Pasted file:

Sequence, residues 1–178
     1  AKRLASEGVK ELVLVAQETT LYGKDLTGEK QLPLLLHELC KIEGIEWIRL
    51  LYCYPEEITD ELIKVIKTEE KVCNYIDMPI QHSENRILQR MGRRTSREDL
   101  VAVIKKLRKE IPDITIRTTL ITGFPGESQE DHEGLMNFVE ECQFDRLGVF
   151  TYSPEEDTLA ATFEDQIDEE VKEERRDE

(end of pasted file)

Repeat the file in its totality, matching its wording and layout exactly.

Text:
Sequence, residues 1–178
     1  AKRLASEGVK ELVLVAQETT LYGKDLTGEK QLPLLLHELC KIEGIEWIRL
    51  LYCYPEEITD ELIKVIKTEE KVCNYIDMPI QHSENRILQR MGRRTSREDL
   101  VAVIKKLRKE IPDITIRTTL ITGFPGESQE DHEGLMNFVE ECQFDRLGVF
   151  TYSPEEDTLA ATFEDQIDEE VKEERRDE